With arms export ban loosened, Tokyo is shopping an indigenous sub-hunting plane for the first time at an American arms show.
It looks like a Japanese Shinkansen bullet train with wings. Two round bubbles and sharp antennas jut from its spine and underbelly. But this is no 737 people mover. It’s Kawasaki’s new P-1 submarine-hunting airplane, the first of its kind Japan has shown to foreign buyers after loosening World War II-era arms exports restrictions. And it’s a doozy.
The display inside a massive conference center just outside the Washington Beltway marks the first time Kawasaki has showcased the plane at an American trade show, a company rep said. Japan modified its constitution in 2014, allowing Tokyo to export arms for the first time since World War II. Kawasaki pitched the P-1 at an arms show in Japan last summer.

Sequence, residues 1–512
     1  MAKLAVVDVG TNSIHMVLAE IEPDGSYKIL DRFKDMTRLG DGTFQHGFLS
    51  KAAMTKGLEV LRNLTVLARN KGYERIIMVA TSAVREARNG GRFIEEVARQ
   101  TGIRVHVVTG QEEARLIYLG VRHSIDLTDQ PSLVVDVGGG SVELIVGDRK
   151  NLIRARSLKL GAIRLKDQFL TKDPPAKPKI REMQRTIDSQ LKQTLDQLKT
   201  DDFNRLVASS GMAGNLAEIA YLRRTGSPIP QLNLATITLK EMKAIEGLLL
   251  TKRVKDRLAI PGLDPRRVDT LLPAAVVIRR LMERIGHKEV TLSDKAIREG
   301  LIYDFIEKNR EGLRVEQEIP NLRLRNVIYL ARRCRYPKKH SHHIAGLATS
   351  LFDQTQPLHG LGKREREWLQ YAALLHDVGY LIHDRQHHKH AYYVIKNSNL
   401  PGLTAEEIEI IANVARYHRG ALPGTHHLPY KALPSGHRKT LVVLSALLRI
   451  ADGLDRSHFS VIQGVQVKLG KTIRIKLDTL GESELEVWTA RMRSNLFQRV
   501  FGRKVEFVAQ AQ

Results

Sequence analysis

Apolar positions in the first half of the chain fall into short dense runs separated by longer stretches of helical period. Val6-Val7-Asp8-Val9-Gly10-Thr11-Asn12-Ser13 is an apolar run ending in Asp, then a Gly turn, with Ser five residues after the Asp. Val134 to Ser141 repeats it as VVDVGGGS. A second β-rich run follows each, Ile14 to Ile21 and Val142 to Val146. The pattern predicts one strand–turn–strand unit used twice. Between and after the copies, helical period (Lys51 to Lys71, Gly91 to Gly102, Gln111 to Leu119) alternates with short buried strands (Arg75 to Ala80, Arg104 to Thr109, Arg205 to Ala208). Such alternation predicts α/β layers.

“In 2015, China continued the trend of conducting submarine deployments to the Indian Ocean, ostensibly in support of its counterpiracy patrols,” the Pentagon said last week in its annual assessment of Beijing’s military.
“The P-1 is a [Japanese Maritime Self Defense Force] long-range, long-endurance anti-submarine warfare maritime patrol aircraft which provides superiority in the territorial waters and coastal regions of Japan,” one brochure reads.
The plane’s “large windshields and bubble windows enables superior visibility,” reads another page, above a picture of a Japanese P-1 taking off. “The P-1 is especially suited for low-altitude [anti-submarine warfare] with its large wing and spacious fuselage.”
And it can pack some firepower too: bombs, missiles, torpedoes, and mines fit inside an internal weapons bay or can be strapped to its wings.
Full article: Japan Shops Futuristic Sub-Hunter Plane (Defense One)